Lawyers in Manhattan have a duty to acquire and maintain the technological competence required to safeguard their clients’ electronically transmitted or stored information (ESI), the New York County Lawyers’ Association’s Committee on Professional Ethics (“Ethics Committee”) has advised as part of a recent opinion.
This duty, the Ethics Committee said, stems from the New York Rules of Professional Conduct (RPC), which require lawyers to “provide competent representation” and demonstrate the requisite “legal knowledge, skill, thoroughness and preparation necessary” to do so. More broadly, the opinion explained that the lawyer’s ethical duty of competent representation is not limited to his or her substantive legal expertise but “extends to the manner in which he or she provides legal services.”
I wanted a certification that separates me from my peers. Upon discovering CEDS, I was convinced this was exactly the type of distinction I had been seeking. Since achieving CEDS certification, I’ve noticed immediate recognition from my organization, colleagues, and current and prospective clients.They acknowledge they are more comfortable working with a person who has taken time to seek such certification. CEDS has certainly been worth the small investment and should continue to beget returns for years and years to come.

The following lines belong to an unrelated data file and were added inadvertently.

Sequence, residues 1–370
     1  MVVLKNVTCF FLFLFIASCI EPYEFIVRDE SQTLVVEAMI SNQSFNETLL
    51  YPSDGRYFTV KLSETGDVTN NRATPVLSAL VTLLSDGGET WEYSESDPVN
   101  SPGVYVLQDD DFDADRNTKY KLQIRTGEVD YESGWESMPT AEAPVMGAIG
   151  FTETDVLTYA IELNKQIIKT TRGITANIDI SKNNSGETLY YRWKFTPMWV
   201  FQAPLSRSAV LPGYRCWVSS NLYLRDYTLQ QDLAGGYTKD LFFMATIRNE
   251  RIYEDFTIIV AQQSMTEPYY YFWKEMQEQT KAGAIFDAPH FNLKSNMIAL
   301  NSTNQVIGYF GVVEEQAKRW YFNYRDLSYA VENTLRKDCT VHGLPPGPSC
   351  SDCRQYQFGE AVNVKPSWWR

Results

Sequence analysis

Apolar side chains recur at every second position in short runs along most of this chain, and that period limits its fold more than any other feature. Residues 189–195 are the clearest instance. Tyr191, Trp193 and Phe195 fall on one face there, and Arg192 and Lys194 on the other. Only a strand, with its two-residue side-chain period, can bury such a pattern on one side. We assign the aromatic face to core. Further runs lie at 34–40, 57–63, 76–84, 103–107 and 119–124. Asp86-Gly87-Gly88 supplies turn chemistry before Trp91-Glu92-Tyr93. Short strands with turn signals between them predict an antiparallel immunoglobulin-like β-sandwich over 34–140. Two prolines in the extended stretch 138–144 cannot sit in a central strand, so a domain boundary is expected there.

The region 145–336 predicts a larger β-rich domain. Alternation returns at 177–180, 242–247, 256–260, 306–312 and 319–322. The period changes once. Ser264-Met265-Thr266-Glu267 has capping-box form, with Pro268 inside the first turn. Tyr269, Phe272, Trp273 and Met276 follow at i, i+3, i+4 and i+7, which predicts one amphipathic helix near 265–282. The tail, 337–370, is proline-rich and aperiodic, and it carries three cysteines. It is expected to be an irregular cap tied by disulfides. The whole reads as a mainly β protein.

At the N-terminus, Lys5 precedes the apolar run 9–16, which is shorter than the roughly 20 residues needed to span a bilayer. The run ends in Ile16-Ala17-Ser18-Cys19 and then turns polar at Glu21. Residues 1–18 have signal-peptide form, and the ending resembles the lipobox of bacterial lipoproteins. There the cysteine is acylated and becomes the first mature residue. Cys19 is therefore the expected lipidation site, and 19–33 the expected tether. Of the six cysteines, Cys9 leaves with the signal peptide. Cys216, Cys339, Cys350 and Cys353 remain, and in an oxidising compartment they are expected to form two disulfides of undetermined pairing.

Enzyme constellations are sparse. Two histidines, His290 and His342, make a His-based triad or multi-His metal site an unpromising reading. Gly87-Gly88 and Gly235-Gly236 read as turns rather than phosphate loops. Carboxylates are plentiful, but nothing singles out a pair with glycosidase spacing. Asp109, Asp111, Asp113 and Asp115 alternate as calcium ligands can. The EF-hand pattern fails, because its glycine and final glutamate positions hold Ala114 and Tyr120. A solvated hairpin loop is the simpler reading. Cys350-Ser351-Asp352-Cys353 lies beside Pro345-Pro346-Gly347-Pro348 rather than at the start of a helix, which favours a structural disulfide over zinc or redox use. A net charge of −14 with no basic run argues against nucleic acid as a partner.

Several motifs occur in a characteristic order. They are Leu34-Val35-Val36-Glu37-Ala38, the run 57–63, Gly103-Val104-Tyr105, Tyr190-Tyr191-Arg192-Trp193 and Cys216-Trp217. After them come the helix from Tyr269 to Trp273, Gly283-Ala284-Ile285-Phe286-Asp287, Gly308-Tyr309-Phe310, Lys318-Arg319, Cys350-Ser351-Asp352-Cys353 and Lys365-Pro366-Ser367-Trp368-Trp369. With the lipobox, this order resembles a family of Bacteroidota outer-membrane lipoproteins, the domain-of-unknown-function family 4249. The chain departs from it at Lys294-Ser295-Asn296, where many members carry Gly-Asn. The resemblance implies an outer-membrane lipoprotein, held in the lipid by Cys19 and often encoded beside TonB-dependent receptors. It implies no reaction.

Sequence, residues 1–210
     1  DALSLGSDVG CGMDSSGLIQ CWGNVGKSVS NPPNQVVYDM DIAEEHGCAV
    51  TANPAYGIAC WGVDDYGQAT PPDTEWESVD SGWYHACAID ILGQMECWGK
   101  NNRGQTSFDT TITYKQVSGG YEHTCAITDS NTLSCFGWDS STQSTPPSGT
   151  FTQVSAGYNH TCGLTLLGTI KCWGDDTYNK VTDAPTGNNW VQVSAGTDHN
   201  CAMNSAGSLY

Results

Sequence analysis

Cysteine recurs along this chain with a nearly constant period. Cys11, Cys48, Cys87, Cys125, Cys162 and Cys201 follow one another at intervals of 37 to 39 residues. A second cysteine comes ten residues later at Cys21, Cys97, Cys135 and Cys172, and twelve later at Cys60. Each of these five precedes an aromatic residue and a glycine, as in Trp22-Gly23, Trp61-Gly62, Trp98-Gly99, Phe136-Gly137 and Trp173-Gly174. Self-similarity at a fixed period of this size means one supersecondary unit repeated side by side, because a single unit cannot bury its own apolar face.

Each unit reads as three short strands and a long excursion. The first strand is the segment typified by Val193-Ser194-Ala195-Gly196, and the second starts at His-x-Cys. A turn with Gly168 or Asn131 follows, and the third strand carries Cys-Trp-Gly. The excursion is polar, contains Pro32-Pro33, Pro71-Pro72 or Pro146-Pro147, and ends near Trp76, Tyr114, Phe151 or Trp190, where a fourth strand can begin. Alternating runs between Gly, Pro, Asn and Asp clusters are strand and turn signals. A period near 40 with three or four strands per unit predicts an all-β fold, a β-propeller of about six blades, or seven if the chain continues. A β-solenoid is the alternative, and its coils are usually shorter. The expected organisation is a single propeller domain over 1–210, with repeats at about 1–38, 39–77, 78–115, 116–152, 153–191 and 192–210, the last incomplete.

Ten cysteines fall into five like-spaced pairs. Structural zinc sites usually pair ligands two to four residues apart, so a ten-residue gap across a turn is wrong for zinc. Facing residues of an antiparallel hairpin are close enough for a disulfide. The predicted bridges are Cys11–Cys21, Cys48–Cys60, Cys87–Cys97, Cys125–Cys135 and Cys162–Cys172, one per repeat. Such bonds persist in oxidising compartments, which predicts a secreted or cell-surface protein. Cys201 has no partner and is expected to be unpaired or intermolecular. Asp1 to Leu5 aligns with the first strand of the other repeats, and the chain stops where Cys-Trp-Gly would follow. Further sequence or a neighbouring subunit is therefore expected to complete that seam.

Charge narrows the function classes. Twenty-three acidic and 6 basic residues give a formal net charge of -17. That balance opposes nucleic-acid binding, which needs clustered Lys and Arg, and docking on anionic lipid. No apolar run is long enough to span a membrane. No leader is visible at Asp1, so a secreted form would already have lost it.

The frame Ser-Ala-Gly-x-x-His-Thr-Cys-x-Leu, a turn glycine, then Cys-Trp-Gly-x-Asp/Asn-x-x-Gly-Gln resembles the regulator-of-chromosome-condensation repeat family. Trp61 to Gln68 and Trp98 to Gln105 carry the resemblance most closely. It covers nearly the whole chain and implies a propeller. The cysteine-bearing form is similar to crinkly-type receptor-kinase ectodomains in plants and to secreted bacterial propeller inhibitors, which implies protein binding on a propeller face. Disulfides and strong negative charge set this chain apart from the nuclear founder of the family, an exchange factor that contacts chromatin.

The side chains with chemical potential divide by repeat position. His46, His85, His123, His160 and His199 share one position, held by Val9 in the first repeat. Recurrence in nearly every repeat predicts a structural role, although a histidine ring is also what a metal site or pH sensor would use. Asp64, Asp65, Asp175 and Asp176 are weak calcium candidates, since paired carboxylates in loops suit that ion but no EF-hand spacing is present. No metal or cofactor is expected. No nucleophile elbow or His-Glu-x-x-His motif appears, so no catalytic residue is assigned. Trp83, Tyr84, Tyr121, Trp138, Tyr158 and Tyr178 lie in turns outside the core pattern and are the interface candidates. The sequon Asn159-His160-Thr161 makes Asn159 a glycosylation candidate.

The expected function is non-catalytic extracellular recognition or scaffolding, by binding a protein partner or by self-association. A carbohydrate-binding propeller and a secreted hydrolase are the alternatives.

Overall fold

Andrew Bayer, CEDS
I get bombarded with all kinds of e-discovery stuff – news, blogs and whatnot. Let me tell you, you guys send the absolute best! I send it to all my partners and sales folks. I said, who are these guys? I have to get to know them better!
Kevin Glass, CEO
As a trial lawyer, day-to-day information processing is daunting for my client service. I’ve come to rely on ACEDS to keep me on the ‘edge’ of the curve on e-discovery. It’s a source I ‘ping’ ASAP.